In the end, the tension between these extremes resolved itself in a damaging addiction.
The documentary was slammed for showing images of a high Cousins dancing in his underwear, on the grounds it set a bad example for youth. But no serious discussion on the use of intoxicants can occur by censoring the truth that people have fun using them.
The fact is, if you take cocaine or methamphetamines, there is a risk you will end up dancing happily in your underwear. If you take such drugs frequently, as Cousins did, there is an even greater risk you will end up with a damaging addiction.
The documentary showed both truths.
Former English soccer captain Tony Adams described his battle with drug addiction and its relationship to the physical and emotional demands of professional sport in a similar way in his 1998 autobiography Addicted.
The difference was Adams was addicted to alcohol.
Not everyone who drinks alcohol will end up like Adams and not everyone who uses illegal intoxicants will end up like Cousins.
But these examples do offer lessons for looking at the problem of drug abuse. As working hours get longer in the workforce in general, the growing pressure it places on workers will increasingly find expression in greater use of intoxicants to cope — mainly alcohol.
Cousins and Adams were at least highly paid and subjected themselves to the pressure of professional sports voluntarily. Many workers face increasing work pressure for reasons outside their control.
Hypocritical lectures from self-appointed moral guardians on the evils of drugs or binge drinking won’t solve this problem.
Another criticism of Cousins is that he has failed to show proper contrition in public. But why should he?
Cousins has been through his own personal hell. That he is alive is an achievement. Any apology he feels the need to give to those he hurt through his addiction is a private matter.
Cousins has refused to hypocritically rail against drugs. He has been open about his personal battle and has left it at that.
One controversial aspect of the documentary led to media questioning about whether Cousins should have been allowed back in the game at all after his one-year ban.
In late 2008, as he sought to convince the AFL to let him back in, he was subjected to a hair test for drug use. Cousins caused outrage by shaving his head and waxing his body.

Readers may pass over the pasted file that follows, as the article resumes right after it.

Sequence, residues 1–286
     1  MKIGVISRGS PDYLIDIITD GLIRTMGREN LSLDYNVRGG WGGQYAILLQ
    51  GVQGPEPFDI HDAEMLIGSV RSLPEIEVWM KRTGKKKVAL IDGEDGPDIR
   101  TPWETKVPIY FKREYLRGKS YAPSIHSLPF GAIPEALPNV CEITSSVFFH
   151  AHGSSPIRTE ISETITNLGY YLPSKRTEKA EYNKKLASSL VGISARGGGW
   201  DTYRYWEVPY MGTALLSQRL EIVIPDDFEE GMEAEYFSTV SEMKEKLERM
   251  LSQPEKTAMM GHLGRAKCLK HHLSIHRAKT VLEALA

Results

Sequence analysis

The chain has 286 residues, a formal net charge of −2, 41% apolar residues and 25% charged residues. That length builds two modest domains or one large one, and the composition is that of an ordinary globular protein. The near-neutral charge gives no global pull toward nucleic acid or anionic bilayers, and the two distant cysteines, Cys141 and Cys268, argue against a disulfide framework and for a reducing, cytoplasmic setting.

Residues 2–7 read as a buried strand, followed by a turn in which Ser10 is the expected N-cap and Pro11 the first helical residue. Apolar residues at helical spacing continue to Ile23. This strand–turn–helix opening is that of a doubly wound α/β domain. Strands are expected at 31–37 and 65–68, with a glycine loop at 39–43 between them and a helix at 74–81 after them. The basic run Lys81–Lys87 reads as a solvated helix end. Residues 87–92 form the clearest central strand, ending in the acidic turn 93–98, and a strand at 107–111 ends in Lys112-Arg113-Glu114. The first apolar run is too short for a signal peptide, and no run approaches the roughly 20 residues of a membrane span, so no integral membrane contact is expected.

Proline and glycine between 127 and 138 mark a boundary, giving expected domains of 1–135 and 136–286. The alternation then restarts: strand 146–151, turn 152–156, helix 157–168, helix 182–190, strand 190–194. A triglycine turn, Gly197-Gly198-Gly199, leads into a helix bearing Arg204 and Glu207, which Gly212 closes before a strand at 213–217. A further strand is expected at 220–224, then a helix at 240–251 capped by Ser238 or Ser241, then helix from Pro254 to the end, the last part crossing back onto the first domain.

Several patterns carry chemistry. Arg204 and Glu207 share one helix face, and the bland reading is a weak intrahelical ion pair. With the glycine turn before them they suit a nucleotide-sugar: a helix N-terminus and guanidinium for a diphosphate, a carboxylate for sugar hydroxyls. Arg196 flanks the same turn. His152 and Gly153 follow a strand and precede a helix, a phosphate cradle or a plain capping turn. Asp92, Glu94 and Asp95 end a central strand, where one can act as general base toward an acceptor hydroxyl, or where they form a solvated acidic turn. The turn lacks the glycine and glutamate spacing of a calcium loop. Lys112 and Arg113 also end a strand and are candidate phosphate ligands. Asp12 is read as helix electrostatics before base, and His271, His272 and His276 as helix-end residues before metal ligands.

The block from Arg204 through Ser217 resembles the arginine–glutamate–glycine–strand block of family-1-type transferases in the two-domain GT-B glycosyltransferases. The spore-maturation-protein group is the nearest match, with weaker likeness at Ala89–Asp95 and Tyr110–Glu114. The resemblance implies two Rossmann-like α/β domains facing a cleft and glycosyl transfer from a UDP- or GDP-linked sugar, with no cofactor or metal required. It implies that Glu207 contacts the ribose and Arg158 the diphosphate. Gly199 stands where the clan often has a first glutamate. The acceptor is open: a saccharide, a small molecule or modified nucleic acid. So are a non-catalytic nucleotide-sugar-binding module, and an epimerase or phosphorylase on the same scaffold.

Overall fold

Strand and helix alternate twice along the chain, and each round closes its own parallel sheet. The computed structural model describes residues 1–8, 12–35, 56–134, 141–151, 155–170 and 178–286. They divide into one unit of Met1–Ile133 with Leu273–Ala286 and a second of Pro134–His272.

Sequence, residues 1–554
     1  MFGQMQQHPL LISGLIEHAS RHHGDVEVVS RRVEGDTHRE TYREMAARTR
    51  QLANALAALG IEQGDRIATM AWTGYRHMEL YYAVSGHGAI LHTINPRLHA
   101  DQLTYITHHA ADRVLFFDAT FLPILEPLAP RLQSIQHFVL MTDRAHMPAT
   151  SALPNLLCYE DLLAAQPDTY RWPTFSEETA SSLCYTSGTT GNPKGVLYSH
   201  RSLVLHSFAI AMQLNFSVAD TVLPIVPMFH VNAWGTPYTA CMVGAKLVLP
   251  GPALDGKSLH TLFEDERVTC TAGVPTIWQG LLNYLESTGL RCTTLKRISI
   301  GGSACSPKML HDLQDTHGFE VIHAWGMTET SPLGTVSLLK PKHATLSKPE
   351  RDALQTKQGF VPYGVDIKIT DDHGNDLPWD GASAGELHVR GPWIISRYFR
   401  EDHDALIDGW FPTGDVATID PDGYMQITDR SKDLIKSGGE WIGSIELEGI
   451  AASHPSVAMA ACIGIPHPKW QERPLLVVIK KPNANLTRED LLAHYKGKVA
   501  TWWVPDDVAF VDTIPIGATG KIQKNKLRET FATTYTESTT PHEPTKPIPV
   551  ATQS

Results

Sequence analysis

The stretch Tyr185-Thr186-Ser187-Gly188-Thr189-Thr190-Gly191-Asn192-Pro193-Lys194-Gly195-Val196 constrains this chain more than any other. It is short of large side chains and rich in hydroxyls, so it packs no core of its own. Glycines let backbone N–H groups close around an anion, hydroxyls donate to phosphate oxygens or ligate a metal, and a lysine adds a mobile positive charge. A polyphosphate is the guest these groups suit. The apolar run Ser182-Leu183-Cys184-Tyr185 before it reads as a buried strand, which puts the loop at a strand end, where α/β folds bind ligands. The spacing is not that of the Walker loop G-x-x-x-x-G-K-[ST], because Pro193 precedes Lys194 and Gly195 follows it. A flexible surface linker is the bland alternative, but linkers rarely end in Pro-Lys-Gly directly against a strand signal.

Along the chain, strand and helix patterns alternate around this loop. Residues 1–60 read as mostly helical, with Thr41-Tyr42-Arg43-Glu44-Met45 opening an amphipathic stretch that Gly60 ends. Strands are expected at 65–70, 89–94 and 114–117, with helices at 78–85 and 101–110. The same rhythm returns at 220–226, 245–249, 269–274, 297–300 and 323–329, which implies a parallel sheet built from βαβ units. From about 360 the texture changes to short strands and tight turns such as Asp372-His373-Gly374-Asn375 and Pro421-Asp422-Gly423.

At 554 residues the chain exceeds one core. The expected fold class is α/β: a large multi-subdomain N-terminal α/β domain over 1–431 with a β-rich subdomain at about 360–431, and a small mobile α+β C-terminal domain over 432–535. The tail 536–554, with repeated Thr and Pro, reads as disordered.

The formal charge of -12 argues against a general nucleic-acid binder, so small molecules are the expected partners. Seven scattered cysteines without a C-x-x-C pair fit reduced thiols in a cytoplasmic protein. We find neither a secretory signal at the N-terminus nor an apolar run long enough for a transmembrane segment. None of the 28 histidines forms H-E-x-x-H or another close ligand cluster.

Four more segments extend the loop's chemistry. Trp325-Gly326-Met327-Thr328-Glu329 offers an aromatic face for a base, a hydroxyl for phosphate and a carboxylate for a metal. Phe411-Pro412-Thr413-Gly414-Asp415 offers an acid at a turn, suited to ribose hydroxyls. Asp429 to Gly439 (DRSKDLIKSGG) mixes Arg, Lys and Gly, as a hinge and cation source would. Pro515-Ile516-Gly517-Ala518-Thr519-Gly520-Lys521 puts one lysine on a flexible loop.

In the documentary, Cousins confirmed suspicions he did this out of fear he would test positive. The documentary revealed that, as Cousins battled his addiction that year, he suffered a relapse. This is not uncommon and Cousins fought his way through it.
The test came months after this, but hair tests can reveal drug from use three to four months in the past.
Cousins said he feared the AFL was out to get him and would not understand a positive test result in light of his ongoing rehabilitation. He had a point — the AFL cared far less for Cousins’ health than it did about protecting its “brand” and associated profits from more scandal.
Cousins also said the AFL wanted him to lie and deny he was an addict, blaming other personal issues for his problems. He said it would have been easier to return to the game if he had done so, but felt it was important to tell the truth — he was an addict and would be for life.
The worst response to the show came from the WA police, who called on Cousins to dob in former drug dealers. This simply reveals the authorities are trapped in the mindset of the futile “war on drugs”.
Cousins could betray people he knew, opening them up to prosecution, but it would do nothing to stop people using illegal drugs. People will use intoxicants, legal or otherwise, for a variety of reasons and making those involved criminals does not help.
But a discussion on a more rational way to respond to the question of drug addiction is not on the cards for a media that remains morbidly concerned with such critical questions as whether Cousins used drugs the night his close friend, former AFL star Chris Mainwaring, died from an overdose in 2007.
In this atmosphere, the AFL tags along, scared for its brand, playing the role of a cop enforcing laws that have nothing to do with the sport and have demonstrably failed.